Volumes can be written on equipment and stores for a boat, but with the exception of a water maker and some other items that are unique to boats, it’s not much different than equipping a retreat in the Rawles style. Employ the same thought processes to a boat. You can do it with the latest technology, or remember that it all worked before the latest and greatest “high tech invention”, and still will. Grow boxes can be put on deck, dehydrated and canned foods-extra fuels below decks. Weapons are weapons, very little different here, although a negligent discharge here could “sink” your dreams. A power boat will eventually need fuel, just like any other vehicle that moves under its own power, although 3,000 gallons of fuel will last a long time, and won’t go bad. If a sail is rigged onto a trawler, it can be called a motor-sailboat, and would be the best partial solution to this problem, but provide one more opportunity for mechanical failure and maintenance. (Another topic for another time.) Keep it simple, solve the problem. You’re trying to survive, not dress up for the upcoming Obama ball; but wait –maybe we actually are.

If you don’t like your neighbors, or the horde cometh, pull up anchor or untie from your moorings and leave. Once off shore, neither is as great a threat; but as with bugging out in any form, you must have a plan and know where you’re bugging out to; you can’t stay in the Bug Out Vehicle forever – no matter what it is. Some longer than others, a boat maybe the longest. Charts instead of maps, the terminology of equipment is different but solutions similar. When the initial upheaval passes, return with a plan, or stay in that little cove off the northwest inside passage a little longer. When you return you and yours will still be alive to worry about it and deal with it; whereas otherwise you may not. If your main interest is avoiding maintenance and investment in your survival, stay home in the basement and buy a couple of granola bars.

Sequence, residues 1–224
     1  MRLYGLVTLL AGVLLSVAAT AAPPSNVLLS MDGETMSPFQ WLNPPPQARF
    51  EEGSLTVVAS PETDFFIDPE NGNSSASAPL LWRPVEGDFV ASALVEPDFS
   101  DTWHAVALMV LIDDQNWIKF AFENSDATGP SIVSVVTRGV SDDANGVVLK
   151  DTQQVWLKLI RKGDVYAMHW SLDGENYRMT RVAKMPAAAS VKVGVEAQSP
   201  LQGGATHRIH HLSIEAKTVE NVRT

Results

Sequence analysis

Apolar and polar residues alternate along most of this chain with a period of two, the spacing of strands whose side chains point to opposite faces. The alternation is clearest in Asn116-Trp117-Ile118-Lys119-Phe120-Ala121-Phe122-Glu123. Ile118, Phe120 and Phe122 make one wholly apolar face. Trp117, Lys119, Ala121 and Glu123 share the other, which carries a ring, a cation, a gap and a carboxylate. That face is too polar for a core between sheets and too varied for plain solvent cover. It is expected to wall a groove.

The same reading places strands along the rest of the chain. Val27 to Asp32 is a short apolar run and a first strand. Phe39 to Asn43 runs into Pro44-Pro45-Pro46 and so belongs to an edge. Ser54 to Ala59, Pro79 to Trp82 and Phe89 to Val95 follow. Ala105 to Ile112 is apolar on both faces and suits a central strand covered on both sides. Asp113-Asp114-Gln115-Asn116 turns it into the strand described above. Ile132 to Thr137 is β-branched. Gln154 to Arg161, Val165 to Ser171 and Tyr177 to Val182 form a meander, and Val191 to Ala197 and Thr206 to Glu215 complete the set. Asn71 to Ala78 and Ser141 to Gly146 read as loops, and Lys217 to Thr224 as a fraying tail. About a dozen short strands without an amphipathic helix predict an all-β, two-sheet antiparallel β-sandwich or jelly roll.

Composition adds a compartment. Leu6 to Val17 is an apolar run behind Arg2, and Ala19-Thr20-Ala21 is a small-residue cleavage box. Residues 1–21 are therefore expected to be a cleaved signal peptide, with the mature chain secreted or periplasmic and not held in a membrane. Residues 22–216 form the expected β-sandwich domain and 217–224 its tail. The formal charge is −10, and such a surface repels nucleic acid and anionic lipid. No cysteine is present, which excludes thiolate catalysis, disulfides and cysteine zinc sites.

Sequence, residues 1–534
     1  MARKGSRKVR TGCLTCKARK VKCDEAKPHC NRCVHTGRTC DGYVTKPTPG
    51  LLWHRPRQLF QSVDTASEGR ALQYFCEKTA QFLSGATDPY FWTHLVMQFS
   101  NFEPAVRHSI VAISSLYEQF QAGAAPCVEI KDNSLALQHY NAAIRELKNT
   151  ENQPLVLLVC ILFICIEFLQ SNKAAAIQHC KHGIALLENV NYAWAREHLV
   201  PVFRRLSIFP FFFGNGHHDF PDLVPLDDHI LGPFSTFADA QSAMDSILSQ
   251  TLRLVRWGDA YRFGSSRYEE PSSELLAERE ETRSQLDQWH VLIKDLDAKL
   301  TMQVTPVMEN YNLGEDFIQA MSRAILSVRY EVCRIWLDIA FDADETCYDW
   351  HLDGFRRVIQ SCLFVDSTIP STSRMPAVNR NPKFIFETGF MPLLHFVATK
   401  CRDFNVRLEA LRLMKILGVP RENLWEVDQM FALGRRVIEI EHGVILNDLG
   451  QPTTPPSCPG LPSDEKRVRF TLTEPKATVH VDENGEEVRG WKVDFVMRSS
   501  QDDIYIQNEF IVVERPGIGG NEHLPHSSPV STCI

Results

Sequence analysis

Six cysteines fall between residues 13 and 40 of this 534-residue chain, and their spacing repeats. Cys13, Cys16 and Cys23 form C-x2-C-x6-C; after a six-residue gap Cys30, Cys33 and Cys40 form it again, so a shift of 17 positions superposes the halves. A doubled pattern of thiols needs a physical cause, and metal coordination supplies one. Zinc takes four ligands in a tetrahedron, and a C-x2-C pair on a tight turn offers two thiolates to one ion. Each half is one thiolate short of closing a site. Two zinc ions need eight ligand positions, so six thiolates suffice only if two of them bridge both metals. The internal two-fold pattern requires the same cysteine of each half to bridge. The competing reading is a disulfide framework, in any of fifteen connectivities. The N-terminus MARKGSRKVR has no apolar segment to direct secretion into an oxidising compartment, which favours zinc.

Remember, this type of “retreat” can be moved to avoid the crowd, whereas your little piece of heaven in northern Idaho, cannot. The down side is, this one can also be stolen or sunk. But that little cabin in the woods can be burned down, well poisoned, overrun and made uninhabitable. – Tom H.


James Wesley:
Just a quick note: Many of your readers may believe a boat is a good Bug Out Vehicle – and they may well be correct. The 1,000 Days web site chronicles the ‘adventure’ of living at sea for over 1,000 days.

This may be of interest to everyone planning long term food storage and related subjects. – D.E.K.

JWR Replies: My view of boats lies somewhere between yours and with Mike Williamson’s. Properly, boats should be seen as means of transportation, rather than as retreats. They are vehicles, not destinations. Unless you have a truly viable intended destination (or preferably several), then except for millionaires, a “well-stocked” boat is just a great way to eventually starve. This is analogous to the many letters that I get from readers who say that they plan to equip RVs as their “alternative to buying a retreat”. There simply isn’t enough room for a three+ year food supply on most boats, and there certainly isn’t enough deck space an to raise crops. Don’t make the mistake of thinking that you can be self-sufficient on a boat. Your intended landfall(s)–preferably at an inland brackish water port–will be crucial. Without a good destination, with friends waiting there, the law of averages is sure to catch up with you.